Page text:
Roger Federer has withdrawn from the French Open to protect his body despite reaching the fourth round.
The 20-time Grand Slam champion took the decision the day after a gruelling third-round win over Dominik Koepfer.
“After two knee surgeries and over a year of rehabilitation it’s important that I listen to my body and make sure I don’t push myself too quickly on my road to recovery,” Federer, 39, said.
He had been due to face Italian ninth seed Matteo Berrettini on Monday.
“After discussions with my team, I’ve decided I will need to pull out of Roland-Garros today,” Federer said in a statement released by French Open organisers.
“I am thrilled to have gotten three matches under my belt. There is no greater feeling than being back on court.”
Federer, who won the French Open in 2009, had two knee surgeries last year and had played only three matches in 16 months before arriving in Paris.
He has made no secret that his priority for this year is Wimbledon, which starts on 28 June.
Saturday’s match against Koepfer was a lengthy encounter that finished at 00:43 local time and Federer occasionally looked uncomfortable, lacking fluency in a 7-6 (7-5) 6-7 (3-7) 7-6 (7-4) 7-5 victory.
He had already suggested straight after the match that a withdrawal could be on the cards if he felt there would be too much risk to his knee.
‘Sensible decision’ by Federer – Murray
Federer’s decision was supported by former world number one and three-time Grand Slam winner Andy Murray.
Replying to a Twitter user who claimed Federer’s withdrawal was “disrespectful” to the rest of the draw, the Briton said: “In basketball, football etc…players are given reduced minutes to build up their fitness.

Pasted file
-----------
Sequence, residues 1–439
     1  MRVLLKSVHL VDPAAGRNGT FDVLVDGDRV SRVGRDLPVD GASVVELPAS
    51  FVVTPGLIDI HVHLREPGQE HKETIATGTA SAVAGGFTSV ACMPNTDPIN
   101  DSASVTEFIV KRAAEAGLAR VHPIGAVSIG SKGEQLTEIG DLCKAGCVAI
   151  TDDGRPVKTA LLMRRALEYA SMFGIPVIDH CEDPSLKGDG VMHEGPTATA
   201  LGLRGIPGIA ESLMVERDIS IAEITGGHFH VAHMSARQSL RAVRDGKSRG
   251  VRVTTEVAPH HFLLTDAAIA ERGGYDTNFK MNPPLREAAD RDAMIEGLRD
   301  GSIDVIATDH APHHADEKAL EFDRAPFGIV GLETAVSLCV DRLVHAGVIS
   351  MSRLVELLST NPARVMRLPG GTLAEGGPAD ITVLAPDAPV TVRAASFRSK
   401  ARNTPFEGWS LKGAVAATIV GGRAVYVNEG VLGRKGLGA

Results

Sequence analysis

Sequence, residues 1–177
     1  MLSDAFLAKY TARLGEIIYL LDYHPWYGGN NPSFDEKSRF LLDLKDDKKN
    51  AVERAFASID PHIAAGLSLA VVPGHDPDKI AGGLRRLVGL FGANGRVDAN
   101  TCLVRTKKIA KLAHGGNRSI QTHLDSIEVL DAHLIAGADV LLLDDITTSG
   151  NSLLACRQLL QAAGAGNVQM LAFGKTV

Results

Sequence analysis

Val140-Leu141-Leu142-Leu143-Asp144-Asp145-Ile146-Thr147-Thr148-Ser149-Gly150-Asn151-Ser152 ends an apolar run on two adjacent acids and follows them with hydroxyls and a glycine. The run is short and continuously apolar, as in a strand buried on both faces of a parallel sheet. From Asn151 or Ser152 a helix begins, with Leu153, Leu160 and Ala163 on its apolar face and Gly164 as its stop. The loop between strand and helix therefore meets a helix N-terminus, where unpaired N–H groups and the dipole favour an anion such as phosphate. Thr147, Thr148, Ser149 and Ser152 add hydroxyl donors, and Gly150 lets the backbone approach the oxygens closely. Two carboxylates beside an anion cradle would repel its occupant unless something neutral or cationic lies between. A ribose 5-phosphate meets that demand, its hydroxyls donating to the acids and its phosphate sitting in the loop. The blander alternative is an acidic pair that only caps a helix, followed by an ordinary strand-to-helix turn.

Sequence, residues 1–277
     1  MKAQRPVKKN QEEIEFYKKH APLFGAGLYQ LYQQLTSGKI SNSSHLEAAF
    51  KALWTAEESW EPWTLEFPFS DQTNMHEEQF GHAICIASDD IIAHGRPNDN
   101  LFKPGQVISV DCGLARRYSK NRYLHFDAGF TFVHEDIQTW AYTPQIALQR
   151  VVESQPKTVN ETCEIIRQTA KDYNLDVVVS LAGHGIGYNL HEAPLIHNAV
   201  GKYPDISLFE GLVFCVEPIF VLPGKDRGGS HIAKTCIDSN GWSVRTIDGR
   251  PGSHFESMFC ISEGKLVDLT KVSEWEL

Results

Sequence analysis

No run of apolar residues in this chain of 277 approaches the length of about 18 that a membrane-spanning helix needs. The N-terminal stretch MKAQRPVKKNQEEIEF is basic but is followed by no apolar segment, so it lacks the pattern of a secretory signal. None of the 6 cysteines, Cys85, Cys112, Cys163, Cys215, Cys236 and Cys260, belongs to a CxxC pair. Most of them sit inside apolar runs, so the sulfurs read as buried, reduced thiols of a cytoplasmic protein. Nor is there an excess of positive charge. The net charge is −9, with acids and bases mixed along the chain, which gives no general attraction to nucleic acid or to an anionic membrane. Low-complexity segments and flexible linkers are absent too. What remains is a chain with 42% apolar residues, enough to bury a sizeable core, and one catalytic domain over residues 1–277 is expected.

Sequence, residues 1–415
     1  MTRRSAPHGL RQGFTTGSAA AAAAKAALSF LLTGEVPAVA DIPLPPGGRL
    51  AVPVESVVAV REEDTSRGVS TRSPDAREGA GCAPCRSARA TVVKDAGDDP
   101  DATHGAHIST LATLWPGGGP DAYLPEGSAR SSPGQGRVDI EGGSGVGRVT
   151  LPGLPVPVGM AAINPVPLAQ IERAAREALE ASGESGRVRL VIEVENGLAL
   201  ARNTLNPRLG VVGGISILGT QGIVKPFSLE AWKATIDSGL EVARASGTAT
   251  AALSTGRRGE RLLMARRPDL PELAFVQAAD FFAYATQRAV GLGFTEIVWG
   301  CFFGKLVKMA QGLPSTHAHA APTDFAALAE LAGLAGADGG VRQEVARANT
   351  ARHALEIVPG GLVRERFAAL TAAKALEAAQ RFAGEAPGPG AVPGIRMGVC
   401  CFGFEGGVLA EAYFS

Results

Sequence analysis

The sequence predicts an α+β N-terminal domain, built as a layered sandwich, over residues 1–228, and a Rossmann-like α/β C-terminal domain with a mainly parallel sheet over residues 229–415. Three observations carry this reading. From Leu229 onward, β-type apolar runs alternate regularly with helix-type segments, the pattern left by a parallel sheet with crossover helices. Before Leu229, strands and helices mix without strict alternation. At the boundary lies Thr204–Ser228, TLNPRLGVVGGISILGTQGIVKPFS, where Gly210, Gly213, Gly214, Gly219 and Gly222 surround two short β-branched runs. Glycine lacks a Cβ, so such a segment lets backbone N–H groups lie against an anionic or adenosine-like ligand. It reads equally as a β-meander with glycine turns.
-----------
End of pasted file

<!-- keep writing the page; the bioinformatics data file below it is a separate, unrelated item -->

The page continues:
“In tennis you don’t have that luxury of just playing a set in [your] first match then two sets the next and building up that way.
“To me it makes sense to be reactive based on how your body feels, length of matches etc. Sensible decision from him.”
Before heading to Paris this year, Federer was open about his aims – playing here was about gathering match practice to get himself in the best condition for the grass-court season, and most importantly Wimbledon.
That Grand Slam offers Federer his best chance to add to his 20 major singles titles, with his game perfectly suited to the surface and with him perhaps harbouring a sense of unfinished business after falling agonisingly short of a ninth title there in 2019 when he failed to convert two championship points against Novak Djokovic.
World number two Daniil Medvedev backed Federer’s chances at the All England Club.
“We all know that a Grand Slam is still a goal for him. I think Wimbledon always is even when he will be 50 years old,” the Russian said.
“It’s a great chance for him. He wants to do his best to prepare.”
Was this Federer’s last French Open?
The Swiss, who turns 40 in August, had not played many times at Roland Garros in recent years, sitting out three successive editions from 2016 because of injury and a wish to manage his workload.
He returned in 2019, reaching the semi-finals, but missed last year’s tournament while recovering from knee surgery.
Federer has given no clue as to whether this will be his final Roland Garros appearance – and he could yet be tempted to say ‘goodbye’ properly after his third-round match was played in front of empty stands late at night.
The stadium was eerily quiet because of a curfew relating to coronavirus restrictions and for a player used to being watched by packed courts while winning the sport’s biggest prizes, this did not feel like an appropriate Paris farewell.